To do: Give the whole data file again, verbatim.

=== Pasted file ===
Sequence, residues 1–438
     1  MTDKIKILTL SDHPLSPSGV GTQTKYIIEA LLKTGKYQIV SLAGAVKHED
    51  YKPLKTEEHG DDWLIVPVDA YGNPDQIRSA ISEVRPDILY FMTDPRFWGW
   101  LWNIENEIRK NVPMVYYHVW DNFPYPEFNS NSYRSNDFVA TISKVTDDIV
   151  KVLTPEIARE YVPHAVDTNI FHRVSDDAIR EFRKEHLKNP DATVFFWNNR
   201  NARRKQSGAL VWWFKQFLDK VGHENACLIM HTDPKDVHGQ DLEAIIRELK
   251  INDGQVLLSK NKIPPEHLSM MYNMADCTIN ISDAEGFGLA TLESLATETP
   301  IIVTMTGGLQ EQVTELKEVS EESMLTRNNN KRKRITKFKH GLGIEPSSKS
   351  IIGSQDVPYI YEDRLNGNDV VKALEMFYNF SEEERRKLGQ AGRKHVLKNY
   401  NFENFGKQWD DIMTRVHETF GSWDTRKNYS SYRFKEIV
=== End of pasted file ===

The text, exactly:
Sequence, residues 1–438
     1  MTDKIKILTL SDHPLSPSGV GTQTKYIIEA LLKTGKYQIV SLAGAVKHED
    51  YKPLKTEEHG DDWLIVPVDA YGNPDQIRSA ISEVRPDILY FMTDPRFWGW
   101  LWNIENEIRK NVPMVYYHVW DNFPYPEFNS NSYRSNDFVA TISKVTDDIV
   151  KVLTPEIARE YVPHAVDTNI FHRVSDDAIR EFRKEHLKNP DATVFFWNNR
   201  NARRKQSGAL VWWFKQFLDK VGHENACLIM HTDPKDVHGQ DLEAIIRELK
   251  INDGQVLLSK NKIPPEHLSM MYNMADCTIN ISDAEGFGLA TLESLATETP
   301  IIVTMTGGLQ EQVTELKEVS EESMLTRNNN KRKRITKFKH GLGIEPSSKS
   351  IIGSQDVPYI YEDRLNGNDV VKALEMFYNF SEEERRKLGQ AGRKHVLKNY
   401  NFENFGKQWD DIMTRVHETF GSWDTRKNYS SYRFKEIV